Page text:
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Why They Call Me It I Do Not Know

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The cherry tree was six years old when the bodies were buried beneath it in the warm, fiery shade of its deep pink blossoms. It was an Okame cherry tree, not glamorous but resilient enough, the arborist’s pitch had run, for the region’s unreliable weather; an early bloomer too. The students would have its flowers to look at through the windows, a consolation for when they tired of writing essays.

Okame cherry trees reach their full height quickly—this kind of family history had been another part of the pitch. Soon the cherry tree was a gawky adolescent, tall but unsure of itself, only sometimes proud of the colors it shook out into the world.

The arborist did not tell the school that most cherry trees have short life spans, generally only twelve to fifteen years. He didn’t say that it was strange to think of trees dying young. He was from California and his love of the redwoods, their wide trunks and their impossible peaks, might have prejudiced him. He patted the wrinkled trunk of the cherry tree as if he had done it some injury and needed to apologize. But he did not. The cherry tree knew it had found good soil.

The students would pluck the cherry tree’s flowers, sail them across the lake, put them in each other’s hair, press them between their notebook pages. This wrenching-apart did not hurt the tree and instead felt like having a sunburn scratched off. It listened to how the students talked of the softness of its petals, so delicate they could bruise, so white the faintest pink in them showed like a demure blush. The tree was beautiful.

The students used the cherry tree for their games. They climbed its branches; they made the uneven circle of its shadows the jail in their games of police and thief. The tree was loved.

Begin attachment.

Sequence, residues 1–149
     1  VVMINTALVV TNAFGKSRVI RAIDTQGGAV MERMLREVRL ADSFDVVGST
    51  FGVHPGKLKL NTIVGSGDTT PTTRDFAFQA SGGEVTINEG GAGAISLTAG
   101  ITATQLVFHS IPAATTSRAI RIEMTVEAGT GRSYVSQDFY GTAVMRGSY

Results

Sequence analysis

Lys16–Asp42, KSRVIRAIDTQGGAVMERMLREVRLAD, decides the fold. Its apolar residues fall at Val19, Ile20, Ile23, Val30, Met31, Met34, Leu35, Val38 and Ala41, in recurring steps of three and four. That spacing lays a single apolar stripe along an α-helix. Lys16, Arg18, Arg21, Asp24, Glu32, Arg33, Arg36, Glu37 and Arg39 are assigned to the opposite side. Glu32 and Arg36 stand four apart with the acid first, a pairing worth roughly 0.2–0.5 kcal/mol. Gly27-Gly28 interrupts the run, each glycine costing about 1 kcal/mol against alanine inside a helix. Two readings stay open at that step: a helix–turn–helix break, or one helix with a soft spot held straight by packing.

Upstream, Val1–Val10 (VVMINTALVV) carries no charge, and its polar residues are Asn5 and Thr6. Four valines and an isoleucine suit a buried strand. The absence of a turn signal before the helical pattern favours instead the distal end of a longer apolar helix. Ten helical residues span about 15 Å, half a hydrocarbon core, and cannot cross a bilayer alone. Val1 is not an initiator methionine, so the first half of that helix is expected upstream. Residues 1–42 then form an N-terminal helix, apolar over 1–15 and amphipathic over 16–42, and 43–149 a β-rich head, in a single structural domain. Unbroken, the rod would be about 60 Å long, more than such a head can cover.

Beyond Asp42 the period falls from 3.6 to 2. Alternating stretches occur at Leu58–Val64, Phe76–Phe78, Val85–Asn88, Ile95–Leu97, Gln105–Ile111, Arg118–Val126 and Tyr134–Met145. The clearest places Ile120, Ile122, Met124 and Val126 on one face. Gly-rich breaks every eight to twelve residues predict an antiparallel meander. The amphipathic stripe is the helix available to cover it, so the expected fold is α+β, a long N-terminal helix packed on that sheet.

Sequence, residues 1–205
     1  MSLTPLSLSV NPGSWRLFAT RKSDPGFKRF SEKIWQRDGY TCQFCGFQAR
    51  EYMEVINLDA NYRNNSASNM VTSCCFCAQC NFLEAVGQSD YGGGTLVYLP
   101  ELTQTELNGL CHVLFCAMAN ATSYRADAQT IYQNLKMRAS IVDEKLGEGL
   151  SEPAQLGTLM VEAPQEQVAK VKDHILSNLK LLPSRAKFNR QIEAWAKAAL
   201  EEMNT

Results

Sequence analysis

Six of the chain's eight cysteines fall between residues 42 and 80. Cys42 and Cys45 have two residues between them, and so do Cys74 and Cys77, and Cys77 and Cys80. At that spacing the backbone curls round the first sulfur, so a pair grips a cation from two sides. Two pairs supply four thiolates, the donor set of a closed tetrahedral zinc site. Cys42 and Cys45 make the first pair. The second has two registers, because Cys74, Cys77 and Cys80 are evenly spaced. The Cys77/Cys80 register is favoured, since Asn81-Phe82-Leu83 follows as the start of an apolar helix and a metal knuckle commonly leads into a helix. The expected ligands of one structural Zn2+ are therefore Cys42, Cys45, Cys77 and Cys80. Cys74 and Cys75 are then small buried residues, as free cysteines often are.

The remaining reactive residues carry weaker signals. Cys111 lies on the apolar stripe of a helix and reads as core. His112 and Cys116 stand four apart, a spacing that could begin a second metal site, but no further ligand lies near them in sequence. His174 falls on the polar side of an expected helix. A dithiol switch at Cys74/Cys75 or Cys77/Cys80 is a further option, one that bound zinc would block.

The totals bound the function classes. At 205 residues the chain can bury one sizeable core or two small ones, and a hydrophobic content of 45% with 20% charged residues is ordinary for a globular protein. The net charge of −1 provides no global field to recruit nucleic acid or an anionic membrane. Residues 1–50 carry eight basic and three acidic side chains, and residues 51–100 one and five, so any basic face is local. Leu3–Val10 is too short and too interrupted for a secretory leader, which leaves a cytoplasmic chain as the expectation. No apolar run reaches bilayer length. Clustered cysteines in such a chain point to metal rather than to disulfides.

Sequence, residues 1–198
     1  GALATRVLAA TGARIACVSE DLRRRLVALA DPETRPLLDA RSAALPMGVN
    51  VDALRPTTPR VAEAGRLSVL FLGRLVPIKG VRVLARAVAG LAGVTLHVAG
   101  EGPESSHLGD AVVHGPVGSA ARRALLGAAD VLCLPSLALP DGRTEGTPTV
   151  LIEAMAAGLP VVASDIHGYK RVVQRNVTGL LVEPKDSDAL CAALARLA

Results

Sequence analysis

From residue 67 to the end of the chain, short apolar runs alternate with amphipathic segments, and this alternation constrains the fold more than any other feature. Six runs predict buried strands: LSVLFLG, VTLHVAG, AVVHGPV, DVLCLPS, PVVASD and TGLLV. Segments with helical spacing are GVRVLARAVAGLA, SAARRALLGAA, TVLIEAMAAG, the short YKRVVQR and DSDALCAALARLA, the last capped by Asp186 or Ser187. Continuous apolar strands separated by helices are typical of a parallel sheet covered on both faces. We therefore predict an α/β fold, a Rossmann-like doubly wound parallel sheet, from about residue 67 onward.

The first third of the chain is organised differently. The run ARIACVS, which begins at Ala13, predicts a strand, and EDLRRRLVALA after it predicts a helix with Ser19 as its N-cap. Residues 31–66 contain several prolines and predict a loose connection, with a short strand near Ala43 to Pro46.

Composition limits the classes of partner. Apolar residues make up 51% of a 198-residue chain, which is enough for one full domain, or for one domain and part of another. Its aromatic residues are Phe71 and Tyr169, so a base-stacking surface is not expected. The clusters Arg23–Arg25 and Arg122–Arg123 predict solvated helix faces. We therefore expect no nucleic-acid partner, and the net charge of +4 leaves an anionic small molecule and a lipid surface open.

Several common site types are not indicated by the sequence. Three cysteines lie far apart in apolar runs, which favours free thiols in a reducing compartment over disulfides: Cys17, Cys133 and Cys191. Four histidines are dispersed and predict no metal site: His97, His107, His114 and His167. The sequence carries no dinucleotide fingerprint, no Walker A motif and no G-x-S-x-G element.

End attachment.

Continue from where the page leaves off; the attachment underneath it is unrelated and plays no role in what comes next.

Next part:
Then, one summer night, the man came with the bodies wrapped in tarps. He dug beneath the cherry tree and there he laid them down.

The cherries of the tree turned sour.

The tree was not made to understand what had happened. It knew death and decomposition, but not agony. The memories of the dead shrieked and frightened away the worms. Their pain bleached the color from the cherry tree’s blossoms. The dead horded the color red, because it was the color of life, so soon there was no pink left for the tree.

The students speculated that the tree was dying. It looked sick. Pallid.

The cherry tree, with no one else to care for it, became a companion to the dead and entered into their plans. It stopped fighting to hold onto its color. And in return, the dead said, “Beautiful, beautiful.”

The dead took the red of the tree and painted their hands with it. They pressed their blood on the windows of the school, never smearing, never spilling a drop. They were far neater than any children with any finger-paints, but what they made looked like a grade school banner, only one formed of blood on glass. The dead shaped the cherry tree on the windows with their perfect palm-prints and their perfect fingerprints: a map made of its population.

Someone thought to check the loops and whorls.

People came and took the dead out from beneath the cherry tree. They washed the dirt from the bodies and returned them to their families.

And then the cherry tree was alone, but at least the sweetness returned to its cherries, at least the color returned to its blossoms. It waited for the students to come back again now that all was well.

But the students, in hushed voices, said, “It’s cursed.” From a distance, they threw rocks at the cherry tree. The bravest would cut into it with knives and keys. No one was brave enough to eat a cherry. No one was brave enough to put a flower in their hair. When the wind carried a blossom close to them, the students grimaced and crushed the petals beneath the soles of their shoes.

The cherry tree did not know what was wrong with it now that everything was right again. But it had no hands to reach out to beg for help.

When anyone came near it, they talked about death, though the cherry tree still had half its life to live. When the wind blew through its leaves, the tree tried to ask it to bear the only message it had—alive-alive-alive, please-please-please. If the wind did, no one noticed.

The arborist returned.

“It’s become a morbid fixation,” the principal said. “The students spend more time looking at it than they do studying.”

“Yes,” the arborist said. “I suppose I understand. But it’s a shame. It’s a healthy tree. You’ll want a replacement?”

The principal nodded. “But not a cherry tree of any type. They’re beautiful, of course, but I think the whole idea of them is spoiled for the time being. But some other tree, yes.”

“All right,” the arborist said. He touched the cherry tree’s trunk once more, in between the places where it had been gouged. Again, he felt the need to apologize. But what else was there to do? “I’ll have a team come out tomorrow to remove it.”